My process became more about the shapes, forms and textures than fabric and traditional patterns. Although not new, I felt there was a place for this concept in modern quilting.

Cultural Fusion Quilts

How does your childhood growing up in India influence your quilting designs today? What about your family’s current home in Pennsylvania?

It is next to impossible to escape colors when you are in India. If you were born and raised there like me, colors are going to stay with you for rest of your life. At least that is how I see it. Whether it is the kite festival with thousands of colorful kites in the sky or the festival of colors celebrated in early spring, or the festival of lights to celebrate the new year with bright and colorful new clothes, Indians know how to live in colors. Whether it was six yards of beautiful print in a sari or the streamers made from fabrics over the walkway to a temple, woven fabrics or beautiful silks, colors and prints were part of my daily life. I think it has everything to do with how I design my quilts. I generally shy away from defining myself as one kind of quilter and move from scrap quilts to simple and bold quilts. But it would be very difficult to limit myself with choices. I love experimenting with colors. I find the best color inspirations and accidental surprises from the floor of my messy sewing room.

My current home in Pennsylvania is painted with neutral tones. I believe that the grey tones gives the best background for my colorful quilts. I have quilts hanging in every room, hallway and nook of the house. The oldest quilts and a few textiles from India adorn the walls of my home. I also like to decorate with arts and crafts from India and some from around the world. Some are bought from import chain stores. I surround myself with things that inspire me. Sometimes they are as simple as rocks, pebbles and plants.

Cultural Fusion Quilts

What do you love about piecing a quilt from free-form techniques?

With traditional quilting, most of the times during the design process, I start seeing the final result way before the quilt is made. Once that happens, I lose interest in finishing that project.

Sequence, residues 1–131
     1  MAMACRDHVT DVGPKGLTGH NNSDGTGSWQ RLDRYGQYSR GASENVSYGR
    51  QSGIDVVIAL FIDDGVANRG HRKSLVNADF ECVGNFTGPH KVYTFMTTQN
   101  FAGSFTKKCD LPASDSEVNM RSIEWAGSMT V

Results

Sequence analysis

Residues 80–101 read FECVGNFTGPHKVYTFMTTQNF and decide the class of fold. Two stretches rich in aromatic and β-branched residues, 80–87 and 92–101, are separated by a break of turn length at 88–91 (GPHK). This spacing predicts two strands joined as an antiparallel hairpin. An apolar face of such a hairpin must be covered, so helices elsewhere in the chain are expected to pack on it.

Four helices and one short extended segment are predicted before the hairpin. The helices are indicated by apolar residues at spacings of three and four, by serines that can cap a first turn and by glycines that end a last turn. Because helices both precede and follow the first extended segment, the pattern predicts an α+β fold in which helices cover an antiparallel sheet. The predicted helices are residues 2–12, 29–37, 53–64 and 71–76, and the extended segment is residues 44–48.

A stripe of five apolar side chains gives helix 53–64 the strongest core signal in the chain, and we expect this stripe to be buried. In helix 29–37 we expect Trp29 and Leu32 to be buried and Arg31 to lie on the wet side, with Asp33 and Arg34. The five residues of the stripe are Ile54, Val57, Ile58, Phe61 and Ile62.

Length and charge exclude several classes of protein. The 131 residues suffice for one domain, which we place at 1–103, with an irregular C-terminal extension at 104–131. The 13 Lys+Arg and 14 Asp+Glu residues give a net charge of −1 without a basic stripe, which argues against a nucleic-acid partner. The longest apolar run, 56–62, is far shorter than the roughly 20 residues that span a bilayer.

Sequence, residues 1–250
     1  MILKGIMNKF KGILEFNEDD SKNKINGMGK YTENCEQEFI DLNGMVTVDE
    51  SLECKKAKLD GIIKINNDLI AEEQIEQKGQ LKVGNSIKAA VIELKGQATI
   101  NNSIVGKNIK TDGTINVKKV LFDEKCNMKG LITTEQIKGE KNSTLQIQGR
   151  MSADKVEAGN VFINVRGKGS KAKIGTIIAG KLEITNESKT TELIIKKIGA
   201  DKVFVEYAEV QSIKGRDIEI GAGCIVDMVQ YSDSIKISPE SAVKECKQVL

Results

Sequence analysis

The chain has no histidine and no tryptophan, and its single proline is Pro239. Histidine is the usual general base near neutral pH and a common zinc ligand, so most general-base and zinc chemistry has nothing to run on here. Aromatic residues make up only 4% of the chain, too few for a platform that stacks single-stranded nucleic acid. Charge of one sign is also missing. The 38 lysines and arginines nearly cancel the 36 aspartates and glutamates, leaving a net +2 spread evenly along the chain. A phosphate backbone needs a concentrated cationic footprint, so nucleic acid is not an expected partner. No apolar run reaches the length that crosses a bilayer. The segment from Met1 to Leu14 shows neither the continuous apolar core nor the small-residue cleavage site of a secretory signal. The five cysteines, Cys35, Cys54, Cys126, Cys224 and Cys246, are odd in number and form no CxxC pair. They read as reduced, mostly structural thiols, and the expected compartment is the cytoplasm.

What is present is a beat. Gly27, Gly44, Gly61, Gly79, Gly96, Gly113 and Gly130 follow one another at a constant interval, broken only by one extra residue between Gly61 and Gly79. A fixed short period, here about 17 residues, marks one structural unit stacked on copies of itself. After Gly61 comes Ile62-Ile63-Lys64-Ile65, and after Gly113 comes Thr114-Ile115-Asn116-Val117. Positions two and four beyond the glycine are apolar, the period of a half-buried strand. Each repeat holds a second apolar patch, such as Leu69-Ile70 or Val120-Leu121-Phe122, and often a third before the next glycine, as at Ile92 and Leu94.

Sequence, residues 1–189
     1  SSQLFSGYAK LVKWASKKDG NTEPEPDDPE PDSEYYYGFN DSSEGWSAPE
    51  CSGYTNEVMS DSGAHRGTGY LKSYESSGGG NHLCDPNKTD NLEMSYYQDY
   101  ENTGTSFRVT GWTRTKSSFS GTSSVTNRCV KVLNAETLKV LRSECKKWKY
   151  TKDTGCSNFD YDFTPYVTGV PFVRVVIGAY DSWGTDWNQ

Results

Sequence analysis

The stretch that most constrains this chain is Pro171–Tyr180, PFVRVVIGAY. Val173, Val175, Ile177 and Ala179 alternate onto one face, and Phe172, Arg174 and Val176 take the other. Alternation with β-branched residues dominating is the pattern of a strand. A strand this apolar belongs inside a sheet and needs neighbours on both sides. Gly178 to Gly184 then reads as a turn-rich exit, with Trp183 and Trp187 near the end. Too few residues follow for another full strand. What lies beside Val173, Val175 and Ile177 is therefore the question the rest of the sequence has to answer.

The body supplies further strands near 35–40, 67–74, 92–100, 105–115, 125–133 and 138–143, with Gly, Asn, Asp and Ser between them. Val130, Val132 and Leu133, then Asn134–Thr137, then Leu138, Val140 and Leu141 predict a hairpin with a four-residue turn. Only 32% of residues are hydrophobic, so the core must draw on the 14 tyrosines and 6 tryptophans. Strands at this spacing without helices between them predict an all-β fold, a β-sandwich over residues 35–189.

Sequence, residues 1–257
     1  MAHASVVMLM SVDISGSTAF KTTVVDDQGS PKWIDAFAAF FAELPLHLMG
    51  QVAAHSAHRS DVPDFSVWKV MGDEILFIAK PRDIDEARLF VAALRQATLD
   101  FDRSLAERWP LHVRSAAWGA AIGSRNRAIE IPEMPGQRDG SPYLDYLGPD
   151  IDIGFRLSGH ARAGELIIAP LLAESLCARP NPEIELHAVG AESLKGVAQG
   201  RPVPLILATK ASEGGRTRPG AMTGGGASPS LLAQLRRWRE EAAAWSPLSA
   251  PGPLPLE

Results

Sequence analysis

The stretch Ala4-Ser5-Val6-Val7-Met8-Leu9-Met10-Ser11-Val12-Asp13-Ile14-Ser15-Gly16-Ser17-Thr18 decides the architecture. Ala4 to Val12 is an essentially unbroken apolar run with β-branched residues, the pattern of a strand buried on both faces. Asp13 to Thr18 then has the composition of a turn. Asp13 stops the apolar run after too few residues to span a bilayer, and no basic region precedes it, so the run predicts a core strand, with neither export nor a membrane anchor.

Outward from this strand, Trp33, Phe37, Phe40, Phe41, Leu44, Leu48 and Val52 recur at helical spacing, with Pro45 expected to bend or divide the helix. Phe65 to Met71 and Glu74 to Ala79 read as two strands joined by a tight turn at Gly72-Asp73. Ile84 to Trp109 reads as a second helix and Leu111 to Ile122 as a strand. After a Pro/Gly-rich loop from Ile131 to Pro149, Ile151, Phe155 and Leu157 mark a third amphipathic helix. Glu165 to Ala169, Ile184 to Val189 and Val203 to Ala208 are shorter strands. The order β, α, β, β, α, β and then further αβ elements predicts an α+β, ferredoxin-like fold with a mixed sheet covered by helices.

I am usually drawn to textures, patterns, imperfections and irregularities of handmade crafts. As much as I like traditional quilts, the accuracy required in cutting and piecing a quilt top is unappealing. After seeing the quilts of Gee’s bend and experimenting with free-form blocks, every step of the quilt-making process has been exciting. To me, free-form blocks are like ever-changing colors of sunrise or sunset. They keep me engaged till the last stitch.

Cultural Fusion Quilts

What was the most surprising or challenging part of the book-writing process for you? The most rewarding part?

Well, I realized writing a book is not as easy as making the quilts. I could come up with 10 different ideas while I was working on one quilt. To break down every step that comes naturally to you is a very difficult process. To learn the technical aspect of writing a book was hard. Having said that, I knew I had something different to offer to the quilting world. I wanted my blog readers and other quilters to feel same excitement as I was feeling when making the quilts.

For a girl who never wanted to sew, who learned English as fourth language in school, publishing a book at age 51 is a great sense of accomplishment. Hearing all the quilters from around the world and how excited they are to read the book makes up for all those challenging times.

 

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Tuesday December 2 Sujata Shah @ C&T Publishing
Wednesday December 3 LeeAnn Decker @ Nifty Quilts
Thursday December 4 Victoria Gertenbach @ The Silly Boodilly
Friday December 5 Rachaeldaisy @ Blue Mountain Daisy
Saturday December 6 Lori Dejarnett @ Humble Quilts
Sunday December 7 Casey York @ The Studiolo
Monday December 8 Malka Dubrawsky @ A Stitch in Dye
Tuesday December 9 Sherri Lynn Wood @ daintytime
Wednesday December10 Bonnie Hunter @ Quiltville’s Quips and Snips
Thursday December 11 Jake Finch @ Generation Q
Friday December 12 Jan Burgwinkle @ Be*mused
Saturday December 13 Janet Treen @ Quiltsalott
Sunday December 14 Lindsay Conner @ Craft Buds

Giveaway!

Would you like to win a copy of the book Cultural Fusion Quilts? For your chance to win, leave a comment on this post and tell us what country or world culture inspires you, or just somewhere you dream of visiting! We’ll pick a winner one week from the date of this post. (U.S. winner will receive a hard copy of the book and non-U.S. winner will receive an e-book.) Good luck!

Craft Book Author Shirley McLauchlan Q&A + Giveaway!

Have you been enjoying Craft Book Month 2013?

We couldn’t help but feature an expert Q&A from Shirley McLauchlan, author of the new book Girls Get Stitching (FunStitch Studios / C&T). Read more about what this author has to say about writing a craft book.

Shirley, welcome to Craft Buds! Can you tell me a little bit about how your got started in the craft industry?

I studied Textiles at The Glasgow School of Art, then went on to study fashion and textiles at St Martin’s London. I then worked in a commercial textile design studio for several years before setting up own studio with two partners. We ran a commercially successful design studio. During my time, I traveled and helped to manage the studio, which was successful for over 10 years.